woman riding bike7. Ditch the car. We all need to get from point A to point B. What we sometimes overlook is just how many different ways there are to get where you need to go. When you go out, ask yourself if you need to drive or would any of the following work just as well or better: walking, bicycling, bus, subway, train. (Walking and biking might aid you in getting in better shape – another common resolution.)
8. Reduce your consumption of animal products. It’s no secret that modern farming methods (also known as factory farming) are bad news for animals, workers, human health and the environment. By choosing to eat food that doesn’t come from factory farms, we can help reduce greenhouse gases, keep our bodies healthy and protect animals from cruel practices. (For other ways to help while eating, choose organic and local foods. Also, visit your local farmer’s market.)
water bottle trash9. Each day, pick up a piece of trash. On most trips out of the house, you’re likely to see some sort of pollution. Because we see so many bottles, cigarette butts, and scraps of paper floating around, it’s easy to walk on by without even registering their existence. Instead, consider committing to picking up just one piece per day. See it, grab it, and recycle or trash it depending on what kind of object it is. Making this small effort will not just help the planet; it will also open your eyes to just how big of a problem pollution is. 
10. Use less water. If you live in the USA, chances are you’ve got cheap clean water coming out of your taps, perfect for drinking, showering, watering plants and…yes, flushing the toilet. Most of us don’t think anything of it. But when you consider how many people all over the world don’t have clean water and even die due to waterborne illnesses, we should really be counting our lucky stars and doing everything we can to conserve each drop of this precious resource. Consider taking shorter showers, making sure to turn off the tap while soaping up your hands or brushing your teeth, only flushing the toilet when you need to instead of with every trip to the bathroom. You can also switch to planet friendly cleaners so you don’t contaminate the water while cleaning.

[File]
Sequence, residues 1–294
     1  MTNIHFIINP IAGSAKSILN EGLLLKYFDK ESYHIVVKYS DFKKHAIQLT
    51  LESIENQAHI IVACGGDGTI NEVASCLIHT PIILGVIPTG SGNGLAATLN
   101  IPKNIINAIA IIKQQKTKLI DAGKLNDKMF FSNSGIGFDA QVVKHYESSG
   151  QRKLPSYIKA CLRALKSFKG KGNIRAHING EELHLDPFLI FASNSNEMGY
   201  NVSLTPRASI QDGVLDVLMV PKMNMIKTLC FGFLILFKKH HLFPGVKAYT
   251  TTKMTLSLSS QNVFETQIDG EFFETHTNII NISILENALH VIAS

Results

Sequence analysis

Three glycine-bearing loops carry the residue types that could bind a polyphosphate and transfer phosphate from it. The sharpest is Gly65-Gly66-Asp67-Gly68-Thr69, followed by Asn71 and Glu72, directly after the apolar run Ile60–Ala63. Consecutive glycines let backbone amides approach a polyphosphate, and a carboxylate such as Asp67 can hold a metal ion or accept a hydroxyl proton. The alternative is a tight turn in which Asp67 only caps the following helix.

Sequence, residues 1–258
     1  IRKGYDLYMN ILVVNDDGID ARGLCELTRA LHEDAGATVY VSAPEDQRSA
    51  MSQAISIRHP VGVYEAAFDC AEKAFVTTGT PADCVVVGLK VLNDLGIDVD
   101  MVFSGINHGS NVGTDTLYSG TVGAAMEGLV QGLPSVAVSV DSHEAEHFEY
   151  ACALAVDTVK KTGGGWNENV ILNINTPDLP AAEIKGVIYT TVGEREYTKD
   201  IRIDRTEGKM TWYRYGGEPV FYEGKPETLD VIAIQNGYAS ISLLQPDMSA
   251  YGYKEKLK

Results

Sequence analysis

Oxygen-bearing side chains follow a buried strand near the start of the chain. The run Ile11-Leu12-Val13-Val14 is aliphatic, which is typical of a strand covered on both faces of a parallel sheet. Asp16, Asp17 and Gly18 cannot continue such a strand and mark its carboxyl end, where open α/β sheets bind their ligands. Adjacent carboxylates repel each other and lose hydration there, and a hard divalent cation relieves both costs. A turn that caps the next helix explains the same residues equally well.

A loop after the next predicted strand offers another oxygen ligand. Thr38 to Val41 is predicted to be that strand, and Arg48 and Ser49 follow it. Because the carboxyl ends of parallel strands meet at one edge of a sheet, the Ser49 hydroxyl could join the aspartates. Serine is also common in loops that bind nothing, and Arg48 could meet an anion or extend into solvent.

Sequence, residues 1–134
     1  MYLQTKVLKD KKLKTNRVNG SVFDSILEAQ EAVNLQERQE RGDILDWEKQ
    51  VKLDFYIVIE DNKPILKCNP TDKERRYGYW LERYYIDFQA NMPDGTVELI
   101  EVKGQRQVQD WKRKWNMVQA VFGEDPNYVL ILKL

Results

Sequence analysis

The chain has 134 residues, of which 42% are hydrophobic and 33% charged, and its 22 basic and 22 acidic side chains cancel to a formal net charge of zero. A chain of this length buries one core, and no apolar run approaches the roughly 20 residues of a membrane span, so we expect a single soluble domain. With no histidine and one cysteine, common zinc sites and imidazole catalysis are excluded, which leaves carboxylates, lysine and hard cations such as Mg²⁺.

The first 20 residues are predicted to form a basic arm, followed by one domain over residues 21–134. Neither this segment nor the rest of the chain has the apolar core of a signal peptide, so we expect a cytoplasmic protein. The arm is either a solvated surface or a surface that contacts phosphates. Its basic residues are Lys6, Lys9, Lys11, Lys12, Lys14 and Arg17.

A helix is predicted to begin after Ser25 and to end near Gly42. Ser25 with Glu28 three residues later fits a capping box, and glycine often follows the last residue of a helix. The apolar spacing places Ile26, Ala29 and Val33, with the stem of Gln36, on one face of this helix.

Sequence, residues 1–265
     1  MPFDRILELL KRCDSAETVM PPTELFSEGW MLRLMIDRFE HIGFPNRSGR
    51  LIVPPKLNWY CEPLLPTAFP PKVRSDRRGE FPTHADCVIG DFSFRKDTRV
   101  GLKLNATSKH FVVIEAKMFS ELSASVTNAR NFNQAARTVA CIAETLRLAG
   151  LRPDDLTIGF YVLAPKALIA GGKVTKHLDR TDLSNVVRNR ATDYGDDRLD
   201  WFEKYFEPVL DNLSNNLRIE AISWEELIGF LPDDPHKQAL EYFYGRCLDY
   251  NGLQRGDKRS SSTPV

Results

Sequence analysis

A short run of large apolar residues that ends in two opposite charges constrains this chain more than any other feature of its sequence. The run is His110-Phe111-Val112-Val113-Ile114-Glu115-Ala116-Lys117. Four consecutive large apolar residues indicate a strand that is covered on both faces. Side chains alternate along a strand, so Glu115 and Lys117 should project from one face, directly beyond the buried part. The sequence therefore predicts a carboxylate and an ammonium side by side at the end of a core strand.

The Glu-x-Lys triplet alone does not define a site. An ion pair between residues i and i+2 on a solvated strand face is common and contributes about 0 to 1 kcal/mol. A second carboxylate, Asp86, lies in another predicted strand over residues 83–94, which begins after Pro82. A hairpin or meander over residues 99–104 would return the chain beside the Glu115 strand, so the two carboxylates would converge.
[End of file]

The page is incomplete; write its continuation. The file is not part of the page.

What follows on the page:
animal testing logo11. Choose products that are not tested on animals. One of the easiest ways to help animals is by looking at labels when you purchase cleaning products and cosmetics. You’ll either see text on the bottle that says, “This product was not tested on animals” or a logo for the leaping bunny, an easy visual that tells you you’re buying a cruelty free product. Companies want you to buy their stuff. If they see it’s more profitable to go cruelty free, you can bet that’s what they are going to do.
12. If you see something, say something. One of the things we teach our kids is that knowing about the problem is just the first step. Once we educate ourselves about an injustice, it’s important to speak out. If you hear about a company using sweatshops or polluting or testing on animals, write them an email, make a phone call, or share it on social media. Getting in touch with a company or politician has never been easier. In 2014 let’s all make a pledge to stand up and speak out for what we believe in.
As we said, we just scratched the surface with our little list. We would love to hear from you about your humane resolutions and what you hope to do in 2014 to make the world a kinder place for all of us. Together, we can make the world a better place for all life on earth.
Photo Credit: Adam Bender/Flickr, Nick Lobnitz/Flickr, Kate Ter Haar/Flickr, Jennuine Captures/Flickr, Brew Books/Flickr, Alan Levine/Flickr

Leave a Comment

Your email address will not be published. Required fields are marked *

This site uses Akismet to reduce spam. Learn how your comment data is processed.

Scroll to Top